• A new FAFSA is released each January for the upcoming school yearExample: 2013-2014 FAFSAReleased in January 2013Valid for students attending school for Fall 2013 and Spring 2014Treatment of the Summer term depends on the schoolFAFSA BASICS

  • EFC = Expected Family ContributionBased on the information submitted on the FAFSA, the U.S. Department of Education will calculate the EFCDependent StudentMust report parent information on FAFSAEFC is based on parents and students income and assetsIndependent StudentDoes NOT report parent information on FAFSAEFC is based on students income and assetsCALCULATION OF FEDERAL AID

  • Accompanied students experiencing homelessness fill out the FAFSA as dependent studentsLiving arrangement meets the M-V definition of homelessIn the physical custody of a parent or guardianMCKINNEY-VENTO STUDENTS:DEPENDENT OR INDEPENDENT?

  • Unaccompanied youth experiencing homelessness or at risk of homelessness fill out the FAFSA as independent studentsLiving arrangement meets the M-V definition of homelessNot in the physical custody of a parent or guardian21 or younger or still enrolled in high school on the date he/she signs the FAFSAAt risk of homelessness: when a students housing may cease to be fixed, regular, and adequate, for example, a student who is being evicted and has been unable to find fixed, regular, and adequate housing.MCKINNEY-VENTO STUDENTS:DEPENDENT OR INDEPENDENT?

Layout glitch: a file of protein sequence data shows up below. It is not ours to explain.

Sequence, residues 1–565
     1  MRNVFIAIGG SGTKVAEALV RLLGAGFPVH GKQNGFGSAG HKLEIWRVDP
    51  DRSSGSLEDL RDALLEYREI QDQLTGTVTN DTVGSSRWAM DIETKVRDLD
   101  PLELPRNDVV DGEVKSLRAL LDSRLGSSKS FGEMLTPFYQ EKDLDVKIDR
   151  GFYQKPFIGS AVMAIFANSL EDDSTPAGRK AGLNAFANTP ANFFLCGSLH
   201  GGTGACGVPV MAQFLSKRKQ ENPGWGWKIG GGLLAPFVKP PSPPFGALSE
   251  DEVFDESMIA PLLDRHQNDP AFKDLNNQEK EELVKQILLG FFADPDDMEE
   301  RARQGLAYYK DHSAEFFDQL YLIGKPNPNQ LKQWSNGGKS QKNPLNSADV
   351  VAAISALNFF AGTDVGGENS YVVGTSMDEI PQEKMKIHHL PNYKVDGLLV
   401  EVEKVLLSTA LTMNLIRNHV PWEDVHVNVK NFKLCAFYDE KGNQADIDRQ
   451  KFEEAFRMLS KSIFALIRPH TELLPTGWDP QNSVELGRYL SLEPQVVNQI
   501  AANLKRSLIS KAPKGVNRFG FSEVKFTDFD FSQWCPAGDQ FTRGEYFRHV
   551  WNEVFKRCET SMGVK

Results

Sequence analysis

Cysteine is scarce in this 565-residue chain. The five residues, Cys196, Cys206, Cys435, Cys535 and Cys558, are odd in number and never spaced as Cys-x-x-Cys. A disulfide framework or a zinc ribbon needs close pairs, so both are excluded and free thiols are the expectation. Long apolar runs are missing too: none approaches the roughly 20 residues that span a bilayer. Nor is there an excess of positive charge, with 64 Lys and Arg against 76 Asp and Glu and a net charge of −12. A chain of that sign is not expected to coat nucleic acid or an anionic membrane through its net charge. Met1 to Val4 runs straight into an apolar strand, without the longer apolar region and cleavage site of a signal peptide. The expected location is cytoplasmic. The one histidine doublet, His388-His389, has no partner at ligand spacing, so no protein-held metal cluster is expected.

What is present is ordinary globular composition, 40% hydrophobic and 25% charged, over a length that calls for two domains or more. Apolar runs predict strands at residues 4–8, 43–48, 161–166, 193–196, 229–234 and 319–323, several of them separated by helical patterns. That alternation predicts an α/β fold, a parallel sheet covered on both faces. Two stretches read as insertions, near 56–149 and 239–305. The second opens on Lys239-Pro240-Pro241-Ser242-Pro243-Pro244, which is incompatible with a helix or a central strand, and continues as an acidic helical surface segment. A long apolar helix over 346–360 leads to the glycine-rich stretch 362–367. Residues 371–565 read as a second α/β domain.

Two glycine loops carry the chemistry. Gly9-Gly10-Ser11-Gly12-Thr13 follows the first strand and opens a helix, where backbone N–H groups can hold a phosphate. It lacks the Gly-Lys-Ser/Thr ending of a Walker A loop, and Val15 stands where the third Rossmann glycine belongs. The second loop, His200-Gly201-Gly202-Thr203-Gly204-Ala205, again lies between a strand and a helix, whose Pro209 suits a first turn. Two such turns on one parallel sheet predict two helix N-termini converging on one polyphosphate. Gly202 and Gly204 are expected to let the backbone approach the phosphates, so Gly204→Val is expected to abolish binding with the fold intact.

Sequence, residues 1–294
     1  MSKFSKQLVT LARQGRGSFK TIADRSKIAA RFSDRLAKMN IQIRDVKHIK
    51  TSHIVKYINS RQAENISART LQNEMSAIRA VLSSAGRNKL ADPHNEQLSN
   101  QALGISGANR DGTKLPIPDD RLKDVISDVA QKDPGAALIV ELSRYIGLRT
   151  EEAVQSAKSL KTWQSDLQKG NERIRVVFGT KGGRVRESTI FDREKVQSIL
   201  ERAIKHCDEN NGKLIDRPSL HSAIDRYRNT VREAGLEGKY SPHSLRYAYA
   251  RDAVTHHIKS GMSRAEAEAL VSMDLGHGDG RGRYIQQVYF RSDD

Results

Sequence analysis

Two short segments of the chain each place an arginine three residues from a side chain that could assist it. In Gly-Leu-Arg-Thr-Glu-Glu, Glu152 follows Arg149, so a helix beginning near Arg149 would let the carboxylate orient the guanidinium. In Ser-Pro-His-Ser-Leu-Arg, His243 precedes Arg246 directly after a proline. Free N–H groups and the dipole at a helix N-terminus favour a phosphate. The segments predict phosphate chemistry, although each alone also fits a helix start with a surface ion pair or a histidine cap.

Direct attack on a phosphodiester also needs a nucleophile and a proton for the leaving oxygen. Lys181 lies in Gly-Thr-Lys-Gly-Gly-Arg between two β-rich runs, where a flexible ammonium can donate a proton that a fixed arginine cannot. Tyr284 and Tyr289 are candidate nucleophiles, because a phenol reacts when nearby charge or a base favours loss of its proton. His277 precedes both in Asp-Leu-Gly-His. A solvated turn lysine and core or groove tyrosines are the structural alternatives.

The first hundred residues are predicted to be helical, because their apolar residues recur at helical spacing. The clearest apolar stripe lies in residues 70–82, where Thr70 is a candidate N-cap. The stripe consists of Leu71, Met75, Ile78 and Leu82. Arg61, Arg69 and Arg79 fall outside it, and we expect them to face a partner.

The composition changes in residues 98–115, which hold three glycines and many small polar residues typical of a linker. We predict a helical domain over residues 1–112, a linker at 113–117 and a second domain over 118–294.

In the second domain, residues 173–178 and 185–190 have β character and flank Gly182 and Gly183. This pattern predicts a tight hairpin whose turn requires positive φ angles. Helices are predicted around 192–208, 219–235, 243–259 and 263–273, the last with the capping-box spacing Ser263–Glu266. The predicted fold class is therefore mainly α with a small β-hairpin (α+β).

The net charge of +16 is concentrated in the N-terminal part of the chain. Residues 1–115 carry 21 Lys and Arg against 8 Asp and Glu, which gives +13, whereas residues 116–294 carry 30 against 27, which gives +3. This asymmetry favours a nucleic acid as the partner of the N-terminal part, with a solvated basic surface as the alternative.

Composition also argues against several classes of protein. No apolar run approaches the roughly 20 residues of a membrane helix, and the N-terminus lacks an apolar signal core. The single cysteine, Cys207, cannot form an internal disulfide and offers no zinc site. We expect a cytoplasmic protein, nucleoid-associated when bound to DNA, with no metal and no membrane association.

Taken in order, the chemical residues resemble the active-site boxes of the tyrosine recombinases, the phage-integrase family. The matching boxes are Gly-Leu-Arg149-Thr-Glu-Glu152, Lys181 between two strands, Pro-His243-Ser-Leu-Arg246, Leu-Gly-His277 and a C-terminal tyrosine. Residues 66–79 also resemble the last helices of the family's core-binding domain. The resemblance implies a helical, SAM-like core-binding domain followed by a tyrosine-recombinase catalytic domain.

• Provide information on parent income and assets and their own income and assetsNeed parent signatureThe EFC is based on family income and assets; as such, even though they fill out the FAFSA as dependent students, homeless students from low-income families will likely qualify for a beneficial aid packageExample: The EFC Formula, 2013-2014 explains that, under certain circumstances, students qualify for an automatic $0 EFC, including students who received free school meals in 2011 or 2012, and whose parents 2012 income is less than $24,000 http://ifap.ed.gov/efcformulaguide/attachments/091312EFCFormulaGuide1314.pdf ACCOMPANIED HOMELESS STUDENTS AND THE FAFSA

  • Do not need to provide information on parental income and assetsDo not need a parental signatureDo provide information on their own income and assetsIndependent sta